This was originally published on Monday, November 2, 2015, in the Pacific Daily News. Click here to subscribe to the PDN.
Q: My husband and I just got married three months ago. We are still trying to consolidate our two households into one. What financial tips do you have for newlyweds?
Congratulations on your new life together! There are a lot of adjustments that are going to take place and one of them is your finances. Finances are never an easy topic to discuss, because it is a very personal topic. While it may not be easy, it is a conversation that needs to be discussed. It is imperative that you and your husband are on the same page with spending and saving money. Be open and honest with each other about your financial situation. The goal is to come to an agreement about how your household finances will be managed.
Gather your important financial documents such as insurance, retirement plans, wills, bank and credit card statements, loans, monthly bills, and any other documents that affect your financial health. Get a copy of your credit scores as well. Knowing what your score is will help you plan your household’s financial goals.
Talk. This is your opportunity to learn about your spouse’s past and present money habits. Discuss how your family talked about money as you were growing up. Were they open about the family finances or was it secretive? Were they big spenders or frugal? Did they fight about money? Most of us learn how we deal with finances from our parents and each one of us deals with money differently.
Also, discuss your current money habits. How much, if any, do you save? Do you live paycheck to paycheck? What do you consider a luxury item?
Goals. Much of what you and your spouse want to achieve will probably revolve around money. Whether it is going on vacation, purchasing a car, going back to school, saving to purchase a house or retiring. Set up financial goals you want to achieve within a year, five years and 10 years.
After deciding what goals you want to achieve, agree on how much to invest. You will need to work together to figure out how much you can afford without stretching your finances too thin. For short-term goals, think about using bonds, certificate deposits (CDs) or a money market fund. Think about using a mix of stock and bonds that provide a higher rate of return based on your risk management. The younger you are, the more likely you can tolerate more risk since it gives you an opportunity to gain more money in case your portfolio loses money. Don’t put all of your money in retirement accounts because there are penalties for early withdrawal.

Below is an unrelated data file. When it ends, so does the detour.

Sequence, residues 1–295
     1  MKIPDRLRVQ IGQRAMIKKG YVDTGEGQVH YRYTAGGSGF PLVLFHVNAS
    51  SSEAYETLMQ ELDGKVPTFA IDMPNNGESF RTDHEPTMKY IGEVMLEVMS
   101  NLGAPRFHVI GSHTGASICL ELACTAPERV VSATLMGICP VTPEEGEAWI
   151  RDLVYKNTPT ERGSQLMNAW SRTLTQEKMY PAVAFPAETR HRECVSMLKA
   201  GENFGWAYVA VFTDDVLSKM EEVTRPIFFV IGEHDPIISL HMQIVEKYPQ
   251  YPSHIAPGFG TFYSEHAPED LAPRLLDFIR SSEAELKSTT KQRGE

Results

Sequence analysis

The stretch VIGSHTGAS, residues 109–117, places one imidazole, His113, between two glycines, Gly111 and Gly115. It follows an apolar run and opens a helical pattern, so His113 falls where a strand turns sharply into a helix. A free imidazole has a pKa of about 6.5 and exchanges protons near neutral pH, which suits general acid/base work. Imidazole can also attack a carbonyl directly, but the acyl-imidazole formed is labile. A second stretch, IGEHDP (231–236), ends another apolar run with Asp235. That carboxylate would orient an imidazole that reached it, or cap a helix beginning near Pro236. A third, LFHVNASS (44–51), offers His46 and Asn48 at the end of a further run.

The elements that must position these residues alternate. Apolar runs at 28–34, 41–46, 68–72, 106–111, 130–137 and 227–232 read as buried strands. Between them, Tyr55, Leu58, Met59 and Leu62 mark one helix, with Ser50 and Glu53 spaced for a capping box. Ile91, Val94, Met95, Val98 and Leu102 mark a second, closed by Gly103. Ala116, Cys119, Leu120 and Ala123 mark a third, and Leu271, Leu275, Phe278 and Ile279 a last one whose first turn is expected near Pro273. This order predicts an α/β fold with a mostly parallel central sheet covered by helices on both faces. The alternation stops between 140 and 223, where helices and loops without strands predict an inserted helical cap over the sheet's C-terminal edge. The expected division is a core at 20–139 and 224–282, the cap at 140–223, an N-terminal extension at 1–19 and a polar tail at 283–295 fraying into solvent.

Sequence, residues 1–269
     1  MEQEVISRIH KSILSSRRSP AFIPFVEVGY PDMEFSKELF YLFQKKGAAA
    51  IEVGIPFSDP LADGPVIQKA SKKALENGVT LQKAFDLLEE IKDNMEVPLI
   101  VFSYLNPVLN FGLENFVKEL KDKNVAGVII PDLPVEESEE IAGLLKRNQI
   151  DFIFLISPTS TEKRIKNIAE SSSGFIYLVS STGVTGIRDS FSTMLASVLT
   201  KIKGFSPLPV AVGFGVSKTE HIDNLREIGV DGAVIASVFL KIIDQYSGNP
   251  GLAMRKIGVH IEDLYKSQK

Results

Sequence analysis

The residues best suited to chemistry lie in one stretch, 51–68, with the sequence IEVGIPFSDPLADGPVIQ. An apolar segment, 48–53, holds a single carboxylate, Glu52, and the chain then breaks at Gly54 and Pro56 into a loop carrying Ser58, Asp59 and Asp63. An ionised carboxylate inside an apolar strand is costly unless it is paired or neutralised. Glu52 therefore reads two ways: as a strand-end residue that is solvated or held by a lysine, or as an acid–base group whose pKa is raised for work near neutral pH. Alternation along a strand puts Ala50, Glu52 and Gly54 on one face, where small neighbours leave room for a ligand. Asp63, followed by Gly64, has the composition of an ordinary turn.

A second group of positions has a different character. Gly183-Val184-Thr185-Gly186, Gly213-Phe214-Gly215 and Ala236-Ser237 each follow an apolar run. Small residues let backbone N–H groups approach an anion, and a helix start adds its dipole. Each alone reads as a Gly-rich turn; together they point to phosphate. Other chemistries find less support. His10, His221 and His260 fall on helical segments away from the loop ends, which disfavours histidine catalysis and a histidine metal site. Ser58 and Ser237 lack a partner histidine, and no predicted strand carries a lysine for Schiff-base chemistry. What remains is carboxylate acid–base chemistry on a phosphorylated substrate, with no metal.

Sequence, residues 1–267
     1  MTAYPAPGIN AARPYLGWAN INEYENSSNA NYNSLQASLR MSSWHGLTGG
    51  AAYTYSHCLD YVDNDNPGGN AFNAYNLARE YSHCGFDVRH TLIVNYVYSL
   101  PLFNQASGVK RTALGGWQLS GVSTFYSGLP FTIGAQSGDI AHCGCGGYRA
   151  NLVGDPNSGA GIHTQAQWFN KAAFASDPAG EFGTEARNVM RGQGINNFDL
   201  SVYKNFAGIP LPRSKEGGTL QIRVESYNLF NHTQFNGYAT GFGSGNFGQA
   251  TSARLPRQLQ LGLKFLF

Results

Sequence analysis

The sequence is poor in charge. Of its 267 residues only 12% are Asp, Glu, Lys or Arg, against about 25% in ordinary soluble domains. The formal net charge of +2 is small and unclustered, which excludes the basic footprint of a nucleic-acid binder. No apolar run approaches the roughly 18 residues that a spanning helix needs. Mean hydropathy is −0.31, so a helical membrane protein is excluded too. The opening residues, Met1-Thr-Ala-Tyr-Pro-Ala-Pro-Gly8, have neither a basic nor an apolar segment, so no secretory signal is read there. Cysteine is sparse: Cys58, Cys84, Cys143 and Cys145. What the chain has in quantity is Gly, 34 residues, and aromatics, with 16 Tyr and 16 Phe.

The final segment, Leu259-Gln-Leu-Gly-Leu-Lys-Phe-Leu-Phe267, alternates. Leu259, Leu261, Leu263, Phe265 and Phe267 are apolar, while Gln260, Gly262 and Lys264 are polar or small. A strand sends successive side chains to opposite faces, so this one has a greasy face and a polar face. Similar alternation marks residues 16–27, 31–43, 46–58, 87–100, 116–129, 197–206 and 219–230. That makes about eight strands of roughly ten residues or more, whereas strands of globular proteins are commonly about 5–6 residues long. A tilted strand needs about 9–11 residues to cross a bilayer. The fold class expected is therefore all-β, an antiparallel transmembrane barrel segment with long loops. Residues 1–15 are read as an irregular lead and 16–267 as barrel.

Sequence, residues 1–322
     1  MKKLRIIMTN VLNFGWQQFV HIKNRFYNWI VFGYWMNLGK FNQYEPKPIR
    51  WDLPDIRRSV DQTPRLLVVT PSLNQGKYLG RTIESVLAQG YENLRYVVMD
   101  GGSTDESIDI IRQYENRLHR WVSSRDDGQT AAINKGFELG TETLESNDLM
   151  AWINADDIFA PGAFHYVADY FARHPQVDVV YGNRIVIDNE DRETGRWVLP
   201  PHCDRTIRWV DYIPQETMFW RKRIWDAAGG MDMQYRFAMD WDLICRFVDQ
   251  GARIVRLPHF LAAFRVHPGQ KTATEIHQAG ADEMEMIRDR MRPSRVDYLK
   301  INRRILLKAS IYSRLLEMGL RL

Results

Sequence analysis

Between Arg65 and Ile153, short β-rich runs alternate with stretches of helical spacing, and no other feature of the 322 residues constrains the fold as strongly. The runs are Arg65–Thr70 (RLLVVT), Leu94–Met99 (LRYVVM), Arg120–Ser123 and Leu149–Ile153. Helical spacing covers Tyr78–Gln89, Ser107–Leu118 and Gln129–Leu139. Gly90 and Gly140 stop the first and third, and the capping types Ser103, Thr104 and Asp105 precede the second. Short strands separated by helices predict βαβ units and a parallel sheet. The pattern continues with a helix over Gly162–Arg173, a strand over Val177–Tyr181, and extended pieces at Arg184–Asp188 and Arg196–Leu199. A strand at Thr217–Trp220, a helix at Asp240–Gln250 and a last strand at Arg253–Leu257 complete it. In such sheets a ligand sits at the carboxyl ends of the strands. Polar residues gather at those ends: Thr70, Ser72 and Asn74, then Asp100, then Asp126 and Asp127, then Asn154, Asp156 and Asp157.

You may need to consult a financial adviser to help you maximize your investments and savings. It can be difficult to determine how much money will be allocated to achieve your goals. If both of you have investments, ask your adviser to look for areas where there is overlap. You want to be certain that your money is working efficiently. Review your goals yearly to monitor how your goals are being achieved.
Another financial goal is to start an emergency fund. Most experts feel that three months of income is an optimal amount of money to put aside. To help you achieve this goal, use an automatic deduction into your savings account. That way, you don’t have to remember to put money aside or be tempted to spend it.
Joint or individual. Will you have a joint account or separate accounts or maybe a combination of both? This is a personal choice and what works for one couple does not necessarily work for another. Many couples use a joint account to pay household expenses that they share and use individual accounts for their personal use. Individual accounts are best when there are different spending habits. If using a joint account, decide how much each of you will contribute. There is no right or wrong amount but what is sensible in your marriage. A shared account requires spouses to communicate and not keep secrets from each other.
When filing taxes, you may want to visit an accountant and talk about filing joint or individual. There are certain advantages and disadvantages for both. Having a professional evaluate your situation will certainly clear things up.
Michael Camacho is president and chief executive officer of Personal Finance Center. He has more than 20 years of experience in retail banking and at financial institutions in Guam and Hawaii. If there is a topic you’d like Michael to cover, please email him at firstname.lastname@example.org and read past columns at the Money Matters blog at http://www.moneymattersguam.wordpress.com.